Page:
Gordon Hayward of Boston Celtics expected a dreaded return against Utah jazz star Tom Westerholm

Gordon Hayward of Boston Celtics expected a dreaded return against Utah jazz star Tom Westerholm

SALT LAKE CITY – As Gordon Hayward warms up in front of a small gathering of fans an hour before the Boston Celtics' play over Utah Jazz on Friday, a solitary kennel from the middle of the lower bowl screamed at him.

"Miss," the heckler shouted as Hayward toasted a jumper against a Celtics assistant coach.

The shot came through.

"Do it again," the heckler shouted.

Hayward's shot came through as well. A small smile seemed to flicker over Hayward's face. It could not be said with certainty if the smile was just a reaction to the shot or if he heard the interjection and appreciated the small victory.

The reaction was evident at both ends when Hayward was introduced just over an hour later. Utah fans dropped fury over Hayward's departure for a year in a deafening refrain from Buhrs.

And this time there was no question: Hayward smiled.

Hayward told the Boston reporters a week earlier that he hoped the year would ease jazz fans on his return. Of course, jazz fans were no milder – they shouted him "We do not miss you" on several occasions and devoted themselves to booing early and often. Equally clearly, Hayward had not expected that they would actually be softer.

So he smiled through.

"The warm-up was like buffing every time you warm up," Hayward said. "So that was kind of funny to me, but when you're in the game, you're not worried about it, that kind of thing disappears."

Hayward has not lied: Jazz fans have been thoroughly detained in Boston's layup lines, ready to unleash a chorus of displeasure every time Hayward touches the ball. It did not matter if he wanted to lie down or recover a teammate – the anger went through the building at every opportunity.

The excitement did not dissipate as the game progressed, though Hayward silenced it several times. His first shot was a layup in the transition from Jaylen Brown, which he finished clean. He later pocketed a pull-up iso sweater in half and defended Donovan Mitchell well in the second half. The loudest sound, of course, came when he was on the free throw line, but he finished 6 to 6.

Jazz fans, however, had reason to explode. Mitchell scored an iso-floater on Hayward in the second half. Jae Crowder, who replaced Hayward, missed the game with a triple corner to fourth place when Boston rallied.

"We all needed in the arena," said Crowder. "Thanks tonight, we appreciate that, we will continue to do it for you, man, thank you."

Jazz dropped confetti after that, a tradition after every victory. Hayward hugged Joe Ingles and Ricky Rubio and made his way from the yard to the brief rest of the locker room. He took his time, seeming to pull himself together to collect himself for the flood of questions that he had to know he had come from the moment the timetable appeared and shortened his return for the 9th of November.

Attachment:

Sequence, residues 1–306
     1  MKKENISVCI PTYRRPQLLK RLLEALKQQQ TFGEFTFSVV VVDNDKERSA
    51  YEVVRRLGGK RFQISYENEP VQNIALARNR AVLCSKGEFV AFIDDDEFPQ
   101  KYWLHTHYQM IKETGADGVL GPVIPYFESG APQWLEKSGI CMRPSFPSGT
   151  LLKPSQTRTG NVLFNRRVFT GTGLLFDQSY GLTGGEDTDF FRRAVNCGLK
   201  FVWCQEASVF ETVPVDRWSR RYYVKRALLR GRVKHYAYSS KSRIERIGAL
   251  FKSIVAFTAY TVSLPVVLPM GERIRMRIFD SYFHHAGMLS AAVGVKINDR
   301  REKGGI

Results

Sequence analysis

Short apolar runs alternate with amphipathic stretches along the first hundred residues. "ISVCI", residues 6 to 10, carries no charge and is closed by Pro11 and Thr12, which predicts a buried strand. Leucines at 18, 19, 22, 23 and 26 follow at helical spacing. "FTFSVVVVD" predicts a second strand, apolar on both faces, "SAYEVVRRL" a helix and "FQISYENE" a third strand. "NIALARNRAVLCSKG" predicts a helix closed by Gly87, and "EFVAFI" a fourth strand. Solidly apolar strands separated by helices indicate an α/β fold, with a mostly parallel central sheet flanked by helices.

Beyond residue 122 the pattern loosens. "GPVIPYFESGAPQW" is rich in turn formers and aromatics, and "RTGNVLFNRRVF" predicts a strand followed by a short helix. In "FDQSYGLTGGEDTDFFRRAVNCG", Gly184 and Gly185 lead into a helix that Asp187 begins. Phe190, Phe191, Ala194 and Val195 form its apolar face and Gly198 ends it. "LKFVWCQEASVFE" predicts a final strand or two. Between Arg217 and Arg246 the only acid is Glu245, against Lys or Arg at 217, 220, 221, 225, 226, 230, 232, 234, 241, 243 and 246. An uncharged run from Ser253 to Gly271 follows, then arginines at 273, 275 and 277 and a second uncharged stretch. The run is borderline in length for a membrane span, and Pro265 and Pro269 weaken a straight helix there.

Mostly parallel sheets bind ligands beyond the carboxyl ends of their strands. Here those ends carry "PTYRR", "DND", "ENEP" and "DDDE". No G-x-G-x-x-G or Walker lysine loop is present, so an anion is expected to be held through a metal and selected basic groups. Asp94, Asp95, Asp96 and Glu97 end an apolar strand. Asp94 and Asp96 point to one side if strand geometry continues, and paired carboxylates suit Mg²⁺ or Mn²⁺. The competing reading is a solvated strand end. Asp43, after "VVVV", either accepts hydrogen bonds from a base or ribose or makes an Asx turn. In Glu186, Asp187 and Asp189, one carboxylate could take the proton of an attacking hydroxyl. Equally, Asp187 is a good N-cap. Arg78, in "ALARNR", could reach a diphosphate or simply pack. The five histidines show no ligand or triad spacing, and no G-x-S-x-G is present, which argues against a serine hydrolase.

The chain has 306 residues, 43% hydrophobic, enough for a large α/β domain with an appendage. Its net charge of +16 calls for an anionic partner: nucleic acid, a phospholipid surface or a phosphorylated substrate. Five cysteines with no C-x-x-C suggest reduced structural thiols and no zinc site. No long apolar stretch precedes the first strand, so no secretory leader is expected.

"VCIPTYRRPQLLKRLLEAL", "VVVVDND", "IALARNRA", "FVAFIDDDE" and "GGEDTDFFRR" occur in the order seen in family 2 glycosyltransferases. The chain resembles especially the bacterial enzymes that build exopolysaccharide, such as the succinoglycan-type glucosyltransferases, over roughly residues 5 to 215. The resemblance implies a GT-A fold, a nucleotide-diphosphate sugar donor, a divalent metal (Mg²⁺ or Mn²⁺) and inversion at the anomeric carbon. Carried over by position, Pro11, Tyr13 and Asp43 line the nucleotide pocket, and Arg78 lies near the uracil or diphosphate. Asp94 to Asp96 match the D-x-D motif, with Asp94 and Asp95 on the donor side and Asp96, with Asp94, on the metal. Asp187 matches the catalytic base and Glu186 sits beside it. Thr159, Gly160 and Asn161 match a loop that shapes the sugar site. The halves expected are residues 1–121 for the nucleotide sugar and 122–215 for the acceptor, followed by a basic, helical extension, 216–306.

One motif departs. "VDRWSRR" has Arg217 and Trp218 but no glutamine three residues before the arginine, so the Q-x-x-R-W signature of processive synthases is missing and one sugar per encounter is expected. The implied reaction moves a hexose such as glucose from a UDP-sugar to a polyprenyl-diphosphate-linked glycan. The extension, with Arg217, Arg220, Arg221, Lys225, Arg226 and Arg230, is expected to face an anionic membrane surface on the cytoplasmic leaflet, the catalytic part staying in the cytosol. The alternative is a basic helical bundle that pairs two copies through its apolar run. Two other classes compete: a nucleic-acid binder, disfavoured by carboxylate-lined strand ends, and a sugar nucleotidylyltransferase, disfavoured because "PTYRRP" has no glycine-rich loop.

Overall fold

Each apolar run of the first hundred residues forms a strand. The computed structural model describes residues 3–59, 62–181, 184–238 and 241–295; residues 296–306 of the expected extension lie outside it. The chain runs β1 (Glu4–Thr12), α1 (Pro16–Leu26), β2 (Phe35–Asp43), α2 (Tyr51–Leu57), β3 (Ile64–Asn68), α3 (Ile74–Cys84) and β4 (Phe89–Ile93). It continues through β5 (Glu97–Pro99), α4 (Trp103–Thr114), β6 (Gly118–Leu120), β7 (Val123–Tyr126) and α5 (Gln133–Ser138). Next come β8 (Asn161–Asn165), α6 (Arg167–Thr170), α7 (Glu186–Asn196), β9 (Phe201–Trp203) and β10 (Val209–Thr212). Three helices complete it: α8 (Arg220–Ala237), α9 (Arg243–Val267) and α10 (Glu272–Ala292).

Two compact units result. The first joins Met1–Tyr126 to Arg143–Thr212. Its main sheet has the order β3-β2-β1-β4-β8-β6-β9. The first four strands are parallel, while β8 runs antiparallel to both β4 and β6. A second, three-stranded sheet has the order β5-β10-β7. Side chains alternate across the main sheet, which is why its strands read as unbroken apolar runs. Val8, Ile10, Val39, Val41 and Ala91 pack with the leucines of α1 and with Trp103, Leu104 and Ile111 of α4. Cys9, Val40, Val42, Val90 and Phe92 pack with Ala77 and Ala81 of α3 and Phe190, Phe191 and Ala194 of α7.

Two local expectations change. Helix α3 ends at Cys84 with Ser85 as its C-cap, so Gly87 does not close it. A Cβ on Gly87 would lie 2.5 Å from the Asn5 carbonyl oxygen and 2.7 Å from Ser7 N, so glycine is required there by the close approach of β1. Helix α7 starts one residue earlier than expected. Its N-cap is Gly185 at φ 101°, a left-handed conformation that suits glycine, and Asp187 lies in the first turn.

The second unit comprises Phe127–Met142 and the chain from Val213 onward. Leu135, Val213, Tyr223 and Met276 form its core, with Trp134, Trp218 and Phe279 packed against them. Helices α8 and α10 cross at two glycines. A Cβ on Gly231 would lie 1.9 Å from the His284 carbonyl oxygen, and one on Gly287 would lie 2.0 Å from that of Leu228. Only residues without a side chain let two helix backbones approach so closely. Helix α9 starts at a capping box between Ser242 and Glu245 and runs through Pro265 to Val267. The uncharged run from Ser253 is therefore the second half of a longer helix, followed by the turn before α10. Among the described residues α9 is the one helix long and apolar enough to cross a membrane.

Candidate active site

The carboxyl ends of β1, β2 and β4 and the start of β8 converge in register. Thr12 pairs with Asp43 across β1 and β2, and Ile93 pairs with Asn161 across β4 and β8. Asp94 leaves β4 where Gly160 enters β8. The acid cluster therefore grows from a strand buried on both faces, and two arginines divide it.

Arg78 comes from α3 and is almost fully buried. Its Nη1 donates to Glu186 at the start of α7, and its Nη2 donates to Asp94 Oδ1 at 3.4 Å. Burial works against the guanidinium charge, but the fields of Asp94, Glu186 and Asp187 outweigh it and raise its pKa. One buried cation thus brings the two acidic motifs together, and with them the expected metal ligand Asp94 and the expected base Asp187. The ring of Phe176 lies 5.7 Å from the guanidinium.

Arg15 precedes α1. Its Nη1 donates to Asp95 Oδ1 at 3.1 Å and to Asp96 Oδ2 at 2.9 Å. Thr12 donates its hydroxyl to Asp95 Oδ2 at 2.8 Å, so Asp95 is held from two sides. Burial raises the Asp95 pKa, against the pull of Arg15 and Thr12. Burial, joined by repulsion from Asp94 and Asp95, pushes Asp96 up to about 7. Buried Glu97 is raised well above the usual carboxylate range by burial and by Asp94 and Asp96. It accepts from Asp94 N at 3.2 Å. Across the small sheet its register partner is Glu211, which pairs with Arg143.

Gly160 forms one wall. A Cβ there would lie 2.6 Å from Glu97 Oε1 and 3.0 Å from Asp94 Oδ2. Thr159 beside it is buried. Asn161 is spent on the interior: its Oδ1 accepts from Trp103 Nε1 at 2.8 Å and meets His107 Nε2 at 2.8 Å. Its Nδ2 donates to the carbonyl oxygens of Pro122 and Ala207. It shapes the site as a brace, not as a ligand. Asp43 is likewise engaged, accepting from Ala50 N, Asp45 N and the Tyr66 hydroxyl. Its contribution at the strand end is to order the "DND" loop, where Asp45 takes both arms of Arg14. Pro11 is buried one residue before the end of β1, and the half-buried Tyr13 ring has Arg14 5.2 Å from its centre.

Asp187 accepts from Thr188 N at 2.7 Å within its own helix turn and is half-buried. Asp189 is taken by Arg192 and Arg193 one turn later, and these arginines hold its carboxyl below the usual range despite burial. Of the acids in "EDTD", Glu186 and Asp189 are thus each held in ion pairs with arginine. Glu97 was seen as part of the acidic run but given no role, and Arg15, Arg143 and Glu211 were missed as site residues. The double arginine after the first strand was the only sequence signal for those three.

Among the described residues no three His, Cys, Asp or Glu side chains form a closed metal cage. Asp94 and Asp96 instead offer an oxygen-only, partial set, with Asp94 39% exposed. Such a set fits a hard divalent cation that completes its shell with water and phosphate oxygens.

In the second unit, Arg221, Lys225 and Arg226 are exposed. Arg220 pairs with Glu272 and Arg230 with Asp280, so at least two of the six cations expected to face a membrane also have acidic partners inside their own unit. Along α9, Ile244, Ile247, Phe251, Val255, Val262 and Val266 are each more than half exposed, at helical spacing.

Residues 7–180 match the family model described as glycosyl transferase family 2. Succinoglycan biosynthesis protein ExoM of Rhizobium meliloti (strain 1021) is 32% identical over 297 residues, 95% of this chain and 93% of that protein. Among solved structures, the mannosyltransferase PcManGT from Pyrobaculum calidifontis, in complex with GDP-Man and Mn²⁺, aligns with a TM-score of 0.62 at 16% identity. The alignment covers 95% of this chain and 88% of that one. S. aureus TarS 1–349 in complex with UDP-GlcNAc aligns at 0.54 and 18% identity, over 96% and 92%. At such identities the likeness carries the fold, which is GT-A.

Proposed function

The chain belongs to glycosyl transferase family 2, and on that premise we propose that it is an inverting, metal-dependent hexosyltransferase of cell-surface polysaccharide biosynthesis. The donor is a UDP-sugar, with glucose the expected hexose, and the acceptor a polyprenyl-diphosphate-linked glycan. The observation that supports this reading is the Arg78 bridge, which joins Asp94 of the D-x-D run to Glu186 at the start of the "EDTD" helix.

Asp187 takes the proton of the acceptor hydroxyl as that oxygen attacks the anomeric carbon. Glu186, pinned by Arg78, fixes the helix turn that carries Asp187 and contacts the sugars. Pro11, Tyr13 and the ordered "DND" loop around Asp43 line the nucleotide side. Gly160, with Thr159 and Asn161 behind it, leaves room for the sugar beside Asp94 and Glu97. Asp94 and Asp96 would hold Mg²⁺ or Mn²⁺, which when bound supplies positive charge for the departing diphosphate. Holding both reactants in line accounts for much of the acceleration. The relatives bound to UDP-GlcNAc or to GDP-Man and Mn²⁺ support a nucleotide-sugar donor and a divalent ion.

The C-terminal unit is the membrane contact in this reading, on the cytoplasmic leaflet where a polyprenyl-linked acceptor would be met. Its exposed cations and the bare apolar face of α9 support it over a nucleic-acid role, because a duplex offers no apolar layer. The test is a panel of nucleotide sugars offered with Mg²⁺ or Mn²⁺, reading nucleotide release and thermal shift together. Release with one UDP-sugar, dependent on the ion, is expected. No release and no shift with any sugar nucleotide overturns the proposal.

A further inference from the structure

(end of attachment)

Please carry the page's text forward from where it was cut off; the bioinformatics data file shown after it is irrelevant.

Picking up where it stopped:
Some questions were predictable.

"Were you surprised by the buos?" (He was not)

Some were a little bit weirder.

"I do not know, I did not think so," Hayward said when asked if the game was like an ex-girlfriend.

As the press conference broke up, Hayward was bullied by another group. A usher shook his hand and thanked him. A ball boy greeted him. He hugged a jazz PR staff member. His name was called from every direction, and he stopped and spoke to many who asked him.

"It was good to see only the people coming in, some people in the arena, obviously the staff there and some players," said Hayward. "I wish we had won the game, but it was nice to see everyone."

Of course, the Celtics lost 123-115. They are 1-3 and frustrated about their defense. The offense has gone through unexplained dry periods. Hayward himself is still under himself – with an average of just 10.2 points per game at 39.4 percent shooting.

But Hayward could be excused if all the problems of the team and the end result of the game were on his list of priorities for one night. While the boos were still ringing and the confetti was still on the place he used to be the star, it ended with an evening he had expected since the player's tribune story, which was on July 4, 2017 thanked at Utah, was published.

Perhaps the most relevant, least bizarre question Hayward posed in his post-game press conference: Was this night a night he was looking forward to or feared?

"Something in between," Hayward said. "Above all, I was looking forward to seeing (people), I spent seven years here, so I built great relationships and looked forward to seeing some of these people, maybe a little bit afraid of the whole thing with my injury and everything else, it's been a whole year, we're focusing on our own thing, and I know jazz is focused on its thing too. "

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